3. SarahZ, we haven’t seen singers in action, but we do have lines that indicate that a singer may accompany warriors to battle — unlike other women — and that a singer could cause a blizzard. I think those lines are important, even if the reader doesn’t pay that much attention to them. Those are the lines that set this up. But one big reason for the second appearance of the fengol is to remind readers that this is a thing before we get to that final battle.

  4. That makes sense – I figured, re: the fengol’s reappearance, but those other establishing remarks didn’t consciously register with me.

  5. I think for me, I don’t care about how the magic works, but I like to have some details about what exactly magic practicioners have to do (assuming the magic is at least somewhat controllable). Do they need to memorize spells? Carefully perform rituals? Do some sort of meditation/focus thing? etc.

    I have occasionally read stories where it is entirely unclear what people are actually doing to perform the magic, and that always annoys me. If it’s a skill they have learned, then I want to know at least a little bit about what they’re *doing*.

    Etta calling the fengol works perfectly fine for me, because she’s singing and I understand what that is and how she could learn it and perform it. I don’t really need to know what happens between her singing and the cold coming, or why it works for her and not someone else – leaving that vague is what feels like magic.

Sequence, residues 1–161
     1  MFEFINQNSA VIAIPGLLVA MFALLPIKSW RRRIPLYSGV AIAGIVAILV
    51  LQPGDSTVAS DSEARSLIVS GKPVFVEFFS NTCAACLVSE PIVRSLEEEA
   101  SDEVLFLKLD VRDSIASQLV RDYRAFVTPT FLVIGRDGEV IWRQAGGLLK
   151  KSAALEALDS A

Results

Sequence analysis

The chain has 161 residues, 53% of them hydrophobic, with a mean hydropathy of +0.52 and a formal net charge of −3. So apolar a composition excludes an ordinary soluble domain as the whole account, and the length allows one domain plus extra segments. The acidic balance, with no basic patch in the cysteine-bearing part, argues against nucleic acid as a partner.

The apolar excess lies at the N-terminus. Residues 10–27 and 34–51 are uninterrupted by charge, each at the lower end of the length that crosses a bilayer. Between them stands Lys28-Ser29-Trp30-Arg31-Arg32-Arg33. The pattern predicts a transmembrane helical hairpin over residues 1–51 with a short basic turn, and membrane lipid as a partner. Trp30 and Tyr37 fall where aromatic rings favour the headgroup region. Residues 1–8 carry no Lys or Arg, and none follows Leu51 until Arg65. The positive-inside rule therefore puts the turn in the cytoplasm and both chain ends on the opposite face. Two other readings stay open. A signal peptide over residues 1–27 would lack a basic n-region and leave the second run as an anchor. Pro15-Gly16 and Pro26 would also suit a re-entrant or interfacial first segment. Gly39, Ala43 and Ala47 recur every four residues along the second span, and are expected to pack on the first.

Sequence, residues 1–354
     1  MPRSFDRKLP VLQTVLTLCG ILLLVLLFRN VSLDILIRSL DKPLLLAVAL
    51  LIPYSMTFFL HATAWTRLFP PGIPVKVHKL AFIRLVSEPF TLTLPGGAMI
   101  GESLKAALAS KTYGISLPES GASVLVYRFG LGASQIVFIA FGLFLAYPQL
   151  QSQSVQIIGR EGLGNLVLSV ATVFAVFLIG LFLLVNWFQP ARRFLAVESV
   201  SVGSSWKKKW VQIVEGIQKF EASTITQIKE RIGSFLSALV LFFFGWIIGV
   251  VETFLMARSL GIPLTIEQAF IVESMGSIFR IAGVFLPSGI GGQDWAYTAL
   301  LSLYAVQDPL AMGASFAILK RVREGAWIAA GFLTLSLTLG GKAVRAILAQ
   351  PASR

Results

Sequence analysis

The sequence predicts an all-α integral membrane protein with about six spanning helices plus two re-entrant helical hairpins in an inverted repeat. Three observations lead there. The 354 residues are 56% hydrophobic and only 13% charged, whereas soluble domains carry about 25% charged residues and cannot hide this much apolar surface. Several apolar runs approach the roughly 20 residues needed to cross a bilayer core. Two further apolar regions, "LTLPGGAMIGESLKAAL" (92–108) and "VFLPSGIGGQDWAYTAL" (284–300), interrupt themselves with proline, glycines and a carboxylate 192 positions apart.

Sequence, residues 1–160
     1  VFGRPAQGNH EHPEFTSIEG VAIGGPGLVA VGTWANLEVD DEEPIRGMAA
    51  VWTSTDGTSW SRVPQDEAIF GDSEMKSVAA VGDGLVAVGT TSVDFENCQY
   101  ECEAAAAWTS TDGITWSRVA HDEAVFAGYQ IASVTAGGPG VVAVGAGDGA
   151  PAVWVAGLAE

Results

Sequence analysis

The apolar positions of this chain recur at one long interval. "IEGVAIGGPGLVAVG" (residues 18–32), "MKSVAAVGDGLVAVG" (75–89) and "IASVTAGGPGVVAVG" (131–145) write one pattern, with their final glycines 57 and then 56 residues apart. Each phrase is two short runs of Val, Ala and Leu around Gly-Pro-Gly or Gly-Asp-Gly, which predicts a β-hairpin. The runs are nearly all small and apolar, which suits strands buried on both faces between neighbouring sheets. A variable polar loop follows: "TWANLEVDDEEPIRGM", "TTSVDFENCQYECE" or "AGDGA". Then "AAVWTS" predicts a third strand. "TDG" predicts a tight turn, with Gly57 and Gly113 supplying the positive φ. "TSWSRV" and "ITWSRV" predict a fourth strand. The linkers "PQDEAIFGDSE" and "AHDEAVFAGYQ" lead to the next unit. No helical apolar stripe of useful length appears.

6. In Vespertina, which I recently read (and reported on somewhere here in a comment) magic was integral and required for the climax. That worked because it was built up to properly. It’s when the author pulls a deux ex machina out of nowhere that ‘mysterious magic’ becomes a writer failure. And in that book it was mysterious to the narrator, because she had never been trained for it. her teacher was the somewhat hostile possessing spirit she was using – but it had things it wanted so they could negotiate. The reader got some idea of what was possible from smaller stuff that happened along the way to the climax.

    Or sometimes the writer just keeps larding on the specialness and it becomes ridiculously obvious that nothing bad is ever going to happen permanently. Michelle West has fallen into this with a couple of her characters.

    Etta and the fengol, or the way the problems were allayed in the last Griffin book, and laying the new boundaries in Keeper of the Mist, all are set up as possibilities even if not focused on. So they work as magic and non-cheaty. That’s foundation, set up. There was just enough detail for this reader to accept them.